Welcome to "Stream Wars: The Stutter Strikes Back." I’ve devoted two blog posts this week to the problem of poor streaming media performance because I know how important smooth-looking video and great-sounding audio are to the networked couch potato. Streaming issues divide into two categories: Those that can be attributed to hardware, covered in Part 1, and those that are due to software, which I’ll cover here.
Check the hardware issues first. If that doesn’t do the trick, turn your attention to these software tips.
If you’re not getting consistent playback of media streamed throughout your living space, look into whether other systems on the network are hogging bandwidth. Log in to your primary router’s configuration screen and check which devices the router has assigned IP addresses. If something doesn’t look familiar, your network might have an unwanted guest! This will show up as an extra IP address and host name. For instance, if you only have one wireless computer and your router is dishing out five IP addresses to wireless clients, something is amiss.
While you’re looking at your router’s configuration screen, check for quality-of-service options. Without getting too deep into the geeky details, QoS tells your router to prioritize certain applications, or even network devices themselves, above other activities on your network. If your roommates are playing "World of Warcraft" and you’re trying to stream a 1080p video from YouTube via your set-top box, the gamers might be sucking up bandwidth you need. QoS settings can tell your router to prioritize the YouTube stream over your buddies’ MMO.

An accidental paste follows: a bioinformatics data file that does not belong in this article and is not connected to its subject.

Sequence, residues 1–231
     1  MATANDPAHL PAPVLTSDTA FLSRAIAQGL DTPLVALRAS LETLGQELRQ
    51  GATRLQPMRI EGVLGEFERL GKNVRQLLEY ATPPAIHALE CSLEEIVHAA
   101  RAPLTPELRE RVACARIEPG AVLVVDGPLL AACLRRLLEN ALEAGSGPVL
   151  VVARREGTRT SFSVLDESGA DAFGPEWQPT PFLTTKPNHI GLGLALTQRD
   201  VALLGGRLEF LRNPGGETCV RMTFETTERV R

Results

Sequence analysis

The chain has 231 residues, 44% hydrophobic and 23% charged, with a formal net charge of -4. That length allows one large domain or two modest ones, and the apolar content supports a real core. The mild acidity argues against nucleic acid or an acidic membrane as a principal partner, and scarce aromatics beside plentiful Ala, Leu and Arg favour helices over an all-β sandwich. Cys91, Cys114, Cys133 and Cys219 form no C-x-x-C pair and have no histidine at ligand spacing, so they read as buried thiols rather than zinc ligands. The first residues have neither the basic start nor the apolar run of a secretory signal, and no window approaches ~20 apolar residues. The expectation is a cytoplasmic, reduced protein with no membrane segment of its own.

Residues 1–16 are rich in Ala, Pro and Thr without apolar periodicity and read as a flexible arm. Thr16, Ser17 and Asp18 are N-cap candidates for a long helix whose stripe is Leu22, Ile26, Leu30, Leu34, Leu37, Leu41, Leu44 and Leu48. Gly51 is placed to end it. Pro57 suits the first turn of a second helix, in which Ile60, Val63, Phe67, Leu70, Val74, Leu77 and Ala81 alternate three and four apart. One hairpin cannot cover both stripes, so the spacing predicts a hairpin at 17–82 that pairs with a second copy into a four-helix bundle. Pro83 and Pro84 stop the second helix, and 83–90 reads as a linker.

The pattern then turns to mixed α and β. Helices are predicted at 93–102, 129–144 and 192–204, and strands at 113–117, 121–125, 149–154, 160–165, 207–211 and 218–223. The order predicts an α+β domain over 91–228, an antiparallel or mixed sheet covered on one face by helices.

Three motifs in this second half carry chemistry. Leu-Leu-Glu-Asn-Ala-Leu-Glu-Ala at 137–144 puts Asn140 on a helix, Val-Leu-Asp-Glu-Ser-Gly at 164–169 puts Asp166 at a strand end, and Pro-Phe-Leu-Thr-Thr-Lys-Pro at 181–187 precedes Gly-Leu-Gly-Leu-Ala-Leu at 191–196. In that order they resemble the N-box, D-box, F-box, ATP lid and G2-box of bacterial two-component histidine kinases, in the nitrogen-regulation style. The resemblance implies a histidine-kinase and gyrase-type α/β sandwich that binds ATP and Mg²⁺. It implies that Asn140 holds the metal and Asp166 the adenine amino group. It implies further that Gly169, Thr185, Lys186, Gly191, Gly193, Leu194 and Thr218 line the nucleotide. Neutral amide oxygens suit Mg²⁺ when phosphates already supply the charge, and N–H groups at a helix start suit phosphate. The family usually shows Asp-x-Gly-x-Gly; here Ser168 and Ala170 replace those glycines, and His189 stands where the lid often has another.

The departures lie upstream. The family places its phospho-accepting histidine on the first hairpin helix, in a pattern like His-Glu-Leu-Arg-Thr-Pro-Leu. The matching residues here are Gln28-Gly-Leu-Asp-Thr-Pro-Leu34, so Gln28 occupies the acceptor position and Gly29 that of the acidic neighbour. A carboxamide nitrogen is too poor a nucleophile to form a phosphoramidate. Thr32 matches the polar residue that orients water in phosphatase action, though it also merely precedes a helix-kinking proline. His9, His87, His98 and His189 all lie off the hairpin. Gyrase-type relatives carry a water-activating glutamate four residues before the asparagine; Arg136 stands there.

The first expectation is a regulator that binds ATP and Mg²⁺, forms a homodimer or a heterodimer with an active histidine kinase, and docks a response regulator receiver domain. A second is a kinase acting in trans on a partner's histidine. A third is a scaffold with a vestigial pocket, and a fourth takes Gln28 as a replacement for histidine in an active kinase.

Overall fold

Of course, factors beyond bandwidth can affect media performance. A common practice on home networks is to use a desktop PC to stream video to a connected device in the living room. Resist the urge to change the software doing the streaming — for example, switching from Windows Media Center to Tversity, or from Tversity to Orb). Switching streaming software is unlikely to have much impact on streaming quality except in certain cases, such as attempting to stream the equivalent of an uncompressed Blu-ray movie from one device to another.
Instead, if you’re using software to transcode or convert video in real time, try hitting control-alt-delete and checking your system’s CPU use via Windows’ task manager (on a Mac, you’ll want to hit up your operating system’s activity monitor, found in utilities.) If your processor is completely maxed out while the video streams, perhaps your desktop — your streaming server — just can’t keep up with the demands placed on it.
As always, if you’re streaming files from a hardware device like a network-attached storage box, make sure you’re running the latest firmware for the device. A simple software updates might very well fix the problem.
This story, "Hardware: Troubleshooting Stuttering Streamed Video, Part 2" was originally published by BrandPost.